Fences

In southern California where I was raised,  all the backyards in my neighborhood were fenced. Neighbors didn’t traipse through your back yard; if they had business with you, they had to come to the front door and knock.  I came from a home that was “invitation only” – and invitations were few and carefully issued. But I married into a culture where neighbors and friends stop by without notice, just to say “hi”.

When we married, my husband and I began our own open-door policy. Anyone and everyone is welcome anytime. “It’s our home, but it’s God’s house,” my husband is fond of saying.

In the same way, I like to have an open-door policy to my heart. I enjoy those deeper conversations where  we can poke through the cupboards of our lives and draw things out that were hiding behind the outdated spices and bottle of toothpicks.  In his book, “The Jesus-Centered Life”, Rick Lawrence describes following Jesus this way: “Now my soul has what you might call an open floor plan. Jesus has permission to walk around in my de-compartmentalized life, messing with my stuff and showing up at all hours of the day, in all situations.”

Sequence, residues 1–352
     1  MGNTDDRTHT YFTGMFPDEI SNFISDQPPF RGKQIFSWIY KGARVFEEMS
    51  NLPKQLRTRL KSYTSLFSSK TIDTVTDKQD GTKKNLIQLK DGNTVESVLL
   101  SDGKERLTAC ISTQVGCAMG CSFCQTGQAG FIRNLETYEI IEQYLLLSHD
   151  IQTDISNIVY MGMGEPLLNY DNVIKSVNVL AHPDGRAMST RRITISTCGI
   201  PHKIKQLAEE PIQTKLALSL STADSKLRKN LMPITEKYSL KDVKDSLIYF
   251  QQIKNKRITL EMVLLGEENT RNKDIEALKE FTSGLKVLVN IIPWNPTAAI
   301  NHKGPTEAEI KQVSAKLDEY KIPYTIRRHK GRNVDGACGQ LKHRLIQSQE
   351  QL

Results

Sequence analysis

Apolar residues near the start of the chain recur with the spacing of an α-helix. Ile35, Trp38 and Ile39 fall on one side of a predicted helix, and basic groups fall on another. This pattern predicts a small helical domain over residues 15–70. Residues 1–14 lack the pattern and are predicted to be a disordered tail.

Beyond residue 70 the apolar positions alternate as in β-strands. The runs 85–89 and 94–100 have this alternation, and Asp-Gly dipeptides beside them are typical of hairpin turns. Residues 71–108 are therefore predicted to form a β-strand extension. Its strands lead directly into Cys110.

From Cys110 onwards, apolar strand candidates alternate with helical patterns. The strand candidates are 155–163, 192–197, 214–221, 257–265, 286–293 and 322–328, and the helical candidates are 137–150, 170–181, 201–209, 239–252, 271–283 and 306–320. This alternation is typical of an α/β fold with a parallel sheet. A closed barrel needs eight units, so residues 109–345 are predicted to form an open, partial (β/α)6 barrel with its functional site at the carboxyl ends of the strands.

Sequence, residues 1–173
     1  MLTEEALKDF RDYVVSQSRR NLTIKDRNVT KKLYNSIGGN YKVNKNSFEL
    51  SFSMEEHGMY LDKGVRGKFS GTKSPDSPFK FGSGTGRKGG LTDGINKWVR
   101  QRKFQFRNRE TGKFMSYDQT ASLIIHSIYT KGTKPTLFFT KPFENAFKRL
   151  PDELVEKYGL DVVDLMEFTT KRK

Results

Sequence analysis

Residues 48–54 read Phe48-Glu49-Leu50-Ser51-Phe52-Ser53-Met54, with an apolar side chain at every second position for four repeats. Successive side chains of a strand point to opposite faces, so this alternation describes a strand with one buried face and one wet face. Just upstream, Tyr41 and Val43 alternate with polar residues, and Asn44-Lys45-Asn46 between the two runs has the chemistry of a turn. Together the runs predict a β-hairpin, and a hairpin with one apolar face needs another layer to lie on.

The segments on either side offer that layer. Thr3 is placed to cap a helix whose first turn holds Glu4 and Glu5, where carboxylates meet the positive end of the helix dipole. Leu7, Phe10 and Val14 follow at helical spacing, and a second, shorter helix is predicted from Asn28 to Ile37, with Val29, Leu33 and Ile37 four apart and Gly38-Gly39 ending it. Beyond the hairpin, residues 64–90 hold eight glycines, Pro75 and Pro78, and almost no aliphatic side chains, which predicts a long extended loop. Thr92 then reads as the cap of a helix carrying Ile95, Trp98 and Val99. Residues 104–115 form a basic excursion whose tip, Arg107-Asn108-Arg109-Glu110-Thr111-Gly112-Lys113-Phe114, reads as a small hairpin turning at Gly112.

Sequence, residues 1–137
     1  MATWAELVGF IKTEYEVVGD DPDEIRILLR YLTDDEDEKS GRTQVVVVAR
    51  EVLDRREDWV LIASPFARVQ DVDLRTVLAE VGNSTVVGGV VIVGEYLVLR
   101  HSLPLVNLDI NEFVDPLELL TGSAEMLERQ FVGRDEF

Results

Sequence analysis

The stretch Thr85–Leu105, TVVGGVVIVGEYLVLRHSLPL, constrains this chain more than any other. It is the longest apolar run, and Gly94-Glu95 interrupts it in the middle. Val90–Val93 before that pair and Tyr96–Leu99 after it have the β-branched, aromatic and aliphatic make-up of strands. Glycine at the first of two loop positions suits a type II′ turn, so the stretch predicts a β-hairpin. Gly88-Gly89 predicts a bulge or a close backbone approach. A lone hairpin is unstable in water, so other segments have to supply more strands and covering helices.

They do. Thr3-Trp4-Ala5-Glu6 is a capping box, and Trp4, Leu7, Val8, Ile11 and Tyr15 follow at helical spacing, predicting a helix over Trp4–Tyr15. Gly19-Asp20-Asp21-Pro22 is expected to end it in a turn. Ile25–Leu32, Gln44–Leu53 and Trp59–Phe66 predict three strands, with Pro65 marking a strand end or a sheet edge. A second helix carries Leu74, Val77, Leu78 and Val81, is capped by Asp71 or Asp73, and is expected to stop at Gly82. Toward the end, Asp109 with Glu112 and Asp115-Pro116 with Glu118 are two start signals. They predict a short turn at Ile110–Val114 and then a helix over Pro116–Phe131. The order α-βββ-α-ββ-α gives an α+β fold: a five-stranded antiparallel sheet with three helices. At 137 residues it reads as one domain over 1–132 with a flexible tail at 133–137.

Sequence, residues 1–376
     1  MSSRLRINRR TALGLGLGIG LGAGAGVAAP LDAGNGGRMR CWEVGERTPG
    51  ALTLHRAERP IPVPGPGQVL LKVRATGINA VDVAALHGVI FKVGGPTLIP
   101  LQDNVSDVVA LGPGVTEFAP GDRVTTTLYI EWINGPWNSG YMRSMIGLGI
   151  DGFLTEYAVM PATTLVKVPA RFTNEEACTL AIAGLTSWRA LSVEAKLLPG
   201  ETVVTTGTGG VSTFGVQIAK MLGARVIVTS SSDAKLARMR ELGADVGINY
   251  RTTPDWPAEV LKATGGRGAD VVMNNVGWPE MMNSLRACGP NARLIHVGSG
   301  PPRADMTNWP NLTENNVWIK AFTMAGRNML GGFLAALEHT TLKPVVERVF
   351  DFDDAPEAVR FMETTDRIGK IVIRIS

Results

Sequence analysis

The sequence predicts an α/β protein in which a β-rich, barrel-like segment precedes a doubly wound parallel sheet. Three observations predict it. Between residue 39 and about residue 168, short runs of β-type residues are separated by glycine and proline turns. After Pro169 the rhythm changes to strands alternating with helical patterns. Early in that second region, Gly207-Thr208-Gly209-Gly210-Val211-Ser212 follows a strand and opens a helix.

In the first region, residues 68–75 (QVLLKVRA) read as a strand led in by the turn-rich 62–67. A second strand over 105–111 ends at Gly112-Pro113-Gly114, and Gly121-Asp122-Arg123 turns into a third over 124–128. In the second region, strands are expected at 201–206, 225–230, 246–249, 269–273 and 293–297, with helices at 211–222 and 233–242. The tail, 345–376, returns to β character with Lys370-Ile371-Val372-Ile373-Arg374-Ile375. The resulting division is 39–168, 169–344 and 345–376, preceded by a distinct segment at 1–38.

I think this should be the normal Christian life; when each of us is FOR each other, supportive and encouraging, helping each other reach into our dark places, and leaving cupcakes of blessing behind when we go. We can give each other access to our hearts because we have first given Jesus access. But sadly, these kinds of relationships are few. Even in marriage it is rare. We prefer the security of our fences and the familiarity of loneliness, because we’ve discovered that it’s not always safe to open yourself up to someone. Still, I welcome the voice of a friend at the door of my soul calling, “Anybody home?”.

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